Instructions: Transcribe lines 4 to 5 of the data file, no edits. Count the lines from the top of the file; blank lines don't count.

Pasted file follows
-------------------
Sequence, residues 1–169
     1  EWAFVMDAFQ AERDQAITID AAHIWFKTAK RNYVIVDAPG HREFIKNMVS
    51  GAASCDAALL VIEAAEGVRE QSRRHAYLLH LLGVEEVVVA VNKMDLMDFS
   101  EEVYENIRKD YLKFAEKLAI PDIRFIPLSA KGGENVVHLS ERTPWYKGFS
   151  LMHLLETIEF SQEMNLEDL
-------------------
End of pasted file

   101  EEVYENIRKD YLKFAEKLAI PDIRFIPLSA KGGENVVHLS ERTPWYKGFS
   151  LMHLLETIEF SQEMNLEDL